Newspaper Page Text
The Herald and News
Entered at the Posioffic^ >vas
H. AULL, EDITOR.
Friday, August 22, 1913.
jFOR THOUGHTFUL CONSIDERATION.
Personal controversies are not edifying
to the public and have always
been distasteful to us. Whenever a
man reserts to calling his opponenl
ugly names it is pretty sure evidence
that he is at sea in his argument and
docs not know what else to say.
A personal controversy was never
further from our mind when we commended
our cotemporary for the sentiment
expressed in an editorial some
Jime ago ,and the sentiment which
we undertook to commend was that
the people should stand together for
the uplift of the community and the
men vhc make up the community. By
some mysterious construction of the
** ? * - 1
English language, or our ianure 10 ue
clea', (<ur good brother took offense
and called us "Eansy Sniffles" and
"Little Jack Horner," and brought up
other things which had absolutely
nothing to do with our commendation
of the sentiment in that editorial.
We have not answered in kind and do
not intend to. We want to help create
a sentiment of cooperation in the
community. Jf it is an exchange or
courtesy, however, to print these ugly
things about oneself, then you will"
have to excuse us for not making the
exchange. Such things do not help
"brethren to dwell together in unity.
But we started out to commend to
the -thoughtful consideration of the
editor of the Observer the sentiment
contained in a little poem, written by
an editor out in Ohio who is now
about 88 years old. We sincerely hope
it will have a soothing effect upon the
mind and heart of the Observer editor,
and we assure the editor of the
Observer that our feelings toward him
are of the kindliest. The little poem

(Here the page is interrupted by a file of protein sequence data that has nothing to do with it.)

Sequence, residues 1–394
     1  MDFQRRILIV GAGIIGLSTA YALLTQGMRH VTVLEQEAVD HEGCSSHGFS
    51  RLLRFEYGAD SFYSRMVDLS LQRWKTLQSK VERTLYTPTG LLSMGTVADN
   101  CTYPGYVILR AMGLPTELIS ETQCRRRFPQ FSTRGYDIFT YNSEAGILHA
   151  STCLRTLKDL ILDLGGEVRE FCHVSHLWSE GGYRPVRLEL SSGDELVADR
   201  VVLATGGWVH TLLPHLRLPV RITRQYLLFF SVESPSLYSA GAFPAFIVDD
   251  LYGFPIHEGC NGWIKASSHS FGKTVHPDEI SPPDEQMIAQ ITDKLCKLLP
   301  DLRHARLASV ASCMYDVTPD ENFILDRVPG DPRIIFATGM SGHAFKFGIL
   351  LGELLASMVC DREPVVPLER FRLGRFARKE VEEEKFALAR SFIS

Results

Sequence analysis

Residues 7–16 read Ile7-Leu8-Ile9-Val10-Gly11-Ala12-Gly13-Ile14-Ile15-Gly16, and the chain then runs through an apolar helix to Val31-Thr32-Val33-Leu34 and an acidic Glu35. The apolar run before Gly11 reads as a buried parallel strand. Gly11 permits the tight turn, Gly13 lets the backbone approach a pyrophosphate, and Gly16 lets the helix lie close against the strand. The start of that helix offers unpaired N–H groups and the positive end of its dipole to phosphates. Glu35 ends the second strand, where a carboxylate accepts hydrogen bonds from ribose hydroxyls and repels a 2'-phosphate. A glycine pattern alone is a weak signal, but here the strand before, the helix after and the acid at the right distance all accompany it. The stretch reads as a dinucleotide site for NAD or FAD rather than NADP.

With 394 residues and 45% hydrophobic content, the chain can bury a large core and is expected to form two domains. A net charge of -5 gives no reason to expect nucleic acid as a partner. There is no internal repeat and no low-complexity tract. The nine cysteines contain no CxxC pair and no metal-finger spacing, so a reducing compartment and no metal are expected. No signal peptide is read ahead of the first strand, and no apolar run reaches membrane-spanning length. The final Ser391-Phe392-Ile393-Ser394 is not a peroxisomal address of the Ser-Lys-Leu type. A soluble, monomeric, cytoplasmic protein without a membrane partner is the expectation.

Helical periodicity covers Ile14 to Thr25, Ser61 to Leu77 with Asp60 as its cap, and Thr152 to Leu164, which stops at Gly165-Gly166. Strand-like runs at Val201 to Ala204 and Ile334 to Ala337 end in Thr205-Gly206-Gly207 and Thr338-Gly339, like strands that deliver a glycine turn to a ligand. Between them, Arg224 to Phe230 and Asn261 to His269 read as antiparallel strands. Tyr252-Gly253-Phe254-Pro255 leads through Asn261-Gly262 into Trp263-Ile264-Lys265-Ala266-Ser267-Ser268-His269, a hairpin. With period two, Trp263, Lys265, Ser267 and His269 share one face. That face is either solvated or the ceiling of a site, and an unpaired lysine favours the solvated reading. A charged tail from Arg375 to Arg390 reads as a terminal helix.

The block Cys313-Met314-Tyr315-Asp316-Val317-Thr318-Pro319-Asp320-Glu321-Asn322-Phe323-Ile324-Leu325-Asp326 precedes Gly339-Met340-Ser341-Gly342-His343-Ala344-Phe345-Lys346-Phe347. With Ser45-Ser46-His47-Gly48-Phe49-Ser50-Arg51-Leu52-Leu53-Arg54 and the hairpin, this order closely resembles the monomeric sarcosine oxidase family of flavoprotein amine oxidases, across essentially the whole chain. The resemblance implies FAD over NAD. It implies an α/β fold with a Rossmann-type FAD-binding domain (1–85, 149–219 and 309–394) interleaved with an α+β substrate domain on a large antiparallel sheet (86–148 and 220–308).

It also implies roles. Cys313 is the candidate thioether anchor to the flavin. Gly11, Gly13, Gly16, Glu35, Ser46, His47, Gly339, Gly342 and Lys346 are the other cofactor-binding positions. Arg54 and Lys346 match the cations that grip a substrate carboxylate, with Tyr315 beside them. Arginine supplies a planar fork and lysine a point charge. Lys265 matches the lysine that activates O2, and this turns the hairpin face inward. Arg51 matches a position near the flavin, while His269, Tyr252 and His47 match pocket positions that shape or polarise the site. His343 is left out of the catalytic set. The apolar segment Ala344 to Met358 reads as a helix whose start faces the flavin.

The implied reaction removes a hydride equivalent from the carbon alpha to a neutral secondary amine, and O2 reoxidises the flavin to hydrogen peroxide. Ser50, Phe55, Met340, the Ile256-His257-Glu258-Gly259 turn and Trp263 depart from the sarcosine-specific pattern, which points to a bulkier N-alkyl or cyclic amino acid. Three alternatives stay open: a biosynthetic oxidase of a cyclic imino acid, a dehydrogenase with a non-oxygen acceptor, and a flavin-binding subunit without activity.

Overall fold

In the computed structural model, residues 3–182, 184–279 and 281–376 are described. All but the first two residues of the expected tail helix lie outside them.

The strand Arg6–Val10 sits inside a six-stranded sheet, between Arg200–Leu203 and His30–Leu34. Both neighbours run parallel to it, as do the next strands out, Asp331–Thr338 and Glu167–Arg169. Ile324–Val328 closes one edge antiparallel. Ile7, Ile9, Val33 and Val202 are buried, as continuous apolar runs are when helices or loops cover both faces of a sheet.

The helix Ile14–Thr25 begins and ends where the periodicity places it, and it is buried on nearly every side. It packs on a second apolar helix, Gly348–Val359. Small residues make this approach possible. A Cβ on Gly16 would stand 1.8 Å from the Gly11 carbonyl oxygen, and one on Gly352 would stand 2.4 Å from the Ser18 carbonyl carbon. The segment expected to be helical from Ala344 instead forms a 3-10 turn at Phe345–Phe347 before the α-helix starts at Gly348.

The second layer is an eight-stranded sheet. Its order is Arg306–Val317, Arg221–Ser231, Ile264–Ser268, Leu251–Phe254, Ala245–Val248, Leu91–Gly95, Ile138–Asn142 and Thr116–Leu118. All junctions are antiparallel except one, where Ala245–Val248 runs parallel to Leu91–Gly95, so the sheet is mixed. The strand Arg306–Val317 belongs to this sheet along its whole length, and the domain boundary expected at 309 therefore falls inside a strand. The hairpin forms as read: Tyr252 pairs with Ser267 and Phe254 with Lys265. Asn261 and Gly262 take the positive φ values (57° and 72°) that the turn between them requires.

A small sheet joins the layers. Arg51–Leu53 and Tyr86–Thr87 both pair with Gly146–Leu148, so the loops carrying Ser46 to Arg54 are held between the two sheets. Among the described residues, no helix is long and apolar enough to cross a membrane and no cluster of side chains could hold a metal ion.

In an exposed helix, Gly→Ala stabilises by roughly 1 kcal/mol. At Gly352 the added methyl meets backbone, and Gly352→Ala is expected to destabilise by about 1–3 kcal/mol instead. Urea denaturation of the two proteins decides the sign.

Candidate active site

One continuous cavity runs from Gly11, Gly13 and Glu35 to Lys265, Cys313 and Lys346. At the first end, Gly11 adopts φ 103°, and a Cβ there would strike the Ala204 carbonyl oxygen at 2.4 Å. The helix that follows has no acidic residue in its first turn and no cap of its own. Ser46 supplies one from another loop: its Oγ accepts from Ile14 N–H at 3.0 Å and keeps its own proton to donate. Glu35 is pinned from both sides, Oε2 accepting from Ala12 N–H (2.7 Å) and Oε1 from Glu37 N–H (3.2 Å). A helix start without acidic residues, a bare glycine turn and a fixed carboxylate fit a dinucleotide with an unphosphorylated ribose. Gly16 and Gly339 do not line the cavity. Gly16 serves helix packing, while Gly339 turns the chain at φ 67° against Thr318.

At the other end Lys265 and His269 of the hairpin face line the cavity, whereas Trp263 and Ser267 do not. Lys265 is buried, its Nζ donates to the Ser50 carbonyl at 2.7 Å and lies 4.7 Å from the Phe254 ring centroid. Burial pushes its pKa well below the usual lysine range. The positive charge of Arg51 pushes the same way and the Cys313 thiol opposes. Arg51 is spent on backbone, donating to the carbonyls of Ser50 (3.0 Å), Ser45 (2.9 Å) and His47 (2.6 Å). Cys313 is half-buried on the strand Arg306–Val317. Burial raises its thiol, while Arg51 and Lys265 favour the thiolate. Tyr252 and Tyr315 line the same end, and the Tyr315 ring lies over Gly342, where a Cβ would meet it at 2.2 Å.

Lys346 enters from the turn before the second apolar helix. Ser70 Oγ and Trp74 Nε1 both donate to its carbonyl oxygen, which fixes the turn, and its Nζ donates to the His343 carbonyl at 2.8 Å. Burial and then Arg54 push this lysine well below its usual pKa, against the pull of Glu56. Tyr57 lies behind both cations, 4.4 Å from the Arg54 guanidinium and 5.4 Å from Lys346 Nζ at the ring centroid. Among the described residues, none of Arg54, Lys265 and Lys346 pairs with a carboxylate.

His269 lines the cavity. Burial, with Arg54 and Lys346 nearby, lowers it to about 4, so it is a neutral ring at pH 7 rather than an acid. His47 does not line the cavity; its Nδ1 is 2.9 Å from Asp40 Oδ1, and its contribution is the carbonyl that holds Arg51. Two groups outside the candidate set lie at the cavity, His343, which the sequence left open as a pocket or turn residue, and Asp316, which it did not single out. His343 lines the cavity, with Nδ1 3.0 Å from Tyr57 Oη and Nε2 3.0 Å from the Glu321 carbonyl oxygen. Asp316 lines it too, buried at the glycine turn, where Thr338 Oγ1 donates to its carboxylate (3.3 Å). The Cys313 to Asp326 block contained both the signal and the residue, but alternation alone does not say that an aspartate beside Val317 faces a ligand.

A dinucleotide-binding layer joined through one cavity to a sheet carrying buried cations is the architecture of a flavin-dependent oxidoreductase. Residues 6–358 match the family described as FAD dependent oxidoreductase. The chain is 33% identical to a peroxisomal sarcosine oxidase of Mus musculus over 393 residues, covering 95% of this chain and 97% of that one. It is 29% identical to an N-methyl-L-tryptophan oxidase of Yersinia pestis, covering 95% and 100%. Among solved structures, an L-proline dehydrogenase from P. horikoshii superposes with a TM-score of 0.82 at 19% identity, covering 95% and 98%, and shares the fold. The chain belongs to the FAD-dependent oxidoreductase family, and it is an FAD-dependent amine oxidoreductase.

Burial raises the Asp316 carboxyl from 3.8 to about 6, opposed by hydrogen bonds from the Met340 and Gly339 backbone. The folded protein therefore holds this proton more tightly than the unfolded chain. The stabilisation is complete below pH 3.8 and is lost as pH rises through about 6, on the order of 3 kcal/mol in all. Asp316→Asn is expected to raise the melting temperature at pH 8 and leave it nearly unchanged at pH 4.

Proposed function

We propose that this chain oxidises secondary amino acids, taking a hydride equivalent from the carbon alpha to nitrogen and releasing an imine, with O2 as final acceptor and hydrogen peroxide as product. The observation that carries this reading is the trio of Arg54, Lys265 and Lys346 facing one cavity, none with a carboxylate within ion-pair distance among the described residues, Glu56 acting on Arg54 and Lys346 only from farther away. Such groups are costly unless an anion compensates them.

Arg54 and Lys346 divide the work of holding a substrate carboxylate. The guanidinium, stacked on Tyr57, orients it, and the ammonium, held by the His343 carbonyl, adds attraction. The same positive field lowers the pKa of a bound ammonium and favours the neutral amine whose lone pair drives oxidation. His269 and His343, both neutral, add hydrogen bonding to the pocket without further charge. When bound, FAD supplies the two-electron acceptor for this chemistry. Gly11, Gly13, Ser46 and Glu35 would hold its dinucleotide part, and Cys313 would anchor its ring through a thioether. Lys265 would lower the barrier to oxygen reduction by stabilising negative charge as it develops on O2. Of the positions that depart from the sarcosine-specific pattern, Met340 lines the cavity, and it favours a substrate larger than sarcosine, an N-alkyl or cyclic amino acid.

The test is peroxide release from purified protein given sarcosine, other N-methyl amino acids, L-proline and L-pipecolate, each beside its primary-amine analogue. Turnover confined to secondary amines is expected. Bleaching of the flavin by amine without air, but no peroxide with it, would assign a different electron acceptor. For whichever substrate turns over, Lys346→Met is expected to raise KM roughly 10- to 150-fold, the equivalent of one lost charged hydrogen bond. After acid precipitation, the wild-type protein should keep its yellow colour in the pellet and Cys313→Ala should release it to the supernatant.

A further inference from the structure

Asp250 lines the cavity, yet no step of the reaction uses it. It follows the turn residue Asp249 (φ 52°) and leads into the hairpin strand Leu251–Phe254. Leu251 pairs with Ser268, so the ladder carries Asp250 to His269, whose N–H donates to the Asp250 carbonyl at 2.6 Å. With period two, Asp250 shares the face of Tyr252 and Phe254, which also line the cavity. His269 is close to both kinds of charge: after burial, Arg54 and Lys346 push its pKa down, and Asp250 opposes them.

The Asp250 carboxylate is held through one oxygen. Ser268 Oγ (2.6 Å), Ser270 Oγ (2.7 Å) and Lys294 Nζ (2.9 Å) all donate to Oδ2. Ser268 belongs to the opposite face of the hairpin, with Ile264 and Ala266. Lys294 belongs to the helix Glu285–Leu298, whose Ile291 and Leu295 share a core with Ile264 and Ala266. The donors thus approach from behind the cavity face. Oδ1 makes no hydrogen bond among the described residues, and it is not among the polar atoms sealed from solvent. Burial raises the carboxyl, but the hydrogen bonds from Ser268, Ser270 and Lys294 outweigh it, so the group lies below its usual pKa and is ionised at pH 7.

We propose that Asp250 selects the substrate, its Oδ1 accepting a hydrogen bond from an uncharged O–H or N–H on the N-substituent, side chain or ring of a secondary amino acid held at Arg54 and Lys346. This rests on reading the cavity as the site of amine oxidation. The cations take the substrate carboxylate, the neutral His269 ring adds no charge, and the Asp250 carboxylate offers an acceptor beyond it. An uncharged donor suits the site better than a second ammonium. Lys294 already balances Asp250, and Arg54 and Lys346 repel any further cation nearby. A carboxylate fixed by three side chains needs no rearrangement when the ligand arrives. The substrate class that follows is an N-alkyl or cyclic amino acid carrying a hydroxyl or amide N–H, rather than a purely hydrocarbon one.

is entitled "Growing Old."
(The author of this poem, W. A.
Urquhart, is 88 years of age, and is
an active editor in Ohio now.)
A little more tired at close of day,
A little more anxious to have our way,
A little less ready to scold and blame,
A little more care for a brothers
So we are nearing the journey's end,
Where time and eternity will meet
A little less care for bonds and gold,
A little more zest in the days of old,
A Droader vitw and a saner mind,
A little more love for all mankind,
And so we are faring down the way
That leads to ike gajtes of a better
~ ?? i
A little more love for friends of
A little more zeal for established
A little more charity in our views,
A little more thirst for daily news,
a?h cn wp arp folding our tents
And passing in silence at close of day.
A little more leisure to call and
A little more real the things unseen,
A little more nearer to those ahead,
With visions of those loved and
And so we are going where we all
To that place the living may never
A little more laughter, a few more
And we shall have told our increasing
The book is closed, and our prayers
And we a part of the countless dead.
Thrice happy ,then, if some soul can
"I lived because ne passed my way."
PEOPLE WHO DO >OT PAY TUITION.
"If following up the suggestion of
the Newberry Herald and News, the
legislature should require the publication
of the names of all parents
and guardians who patronize State
colleges, and make it known, who
does and does not pay tuition, there
would be a big howl. The plea would
be the injustice of publishing to the
world the powerty of the worthy parents
and guardians Tvho are struggling
to educate their children; but
the real reason would be the exposure
of many high-flyers, who though able
I to indulge in pleasure automobiles
have sworn that they are unable to
! pay nominal tuition in charges for
their children."?Yorkville Enquirer.
We quite agree with the Enquirer
that it would be a good thing to publish
several times each year not only
i the names of the parents, but of pu
pils who receive free tuition in the
; colleges of the State. It would impose
no hardship upon those who are
" unable to pay tuition, and at the same
> time, it would serve as a deterrent tc
L the people referred to by the Enquirh
, I But this raises another question,
and one that will not down. There
are many citizens, who have never
been convinced that it was proper
for the State to furnish free tuition
- - _ 1
for higher education m any ox nei
colleges. Indeed, it is a question as
to whether the State cap upon any
grounds justify herself in entering
the field for higher education. The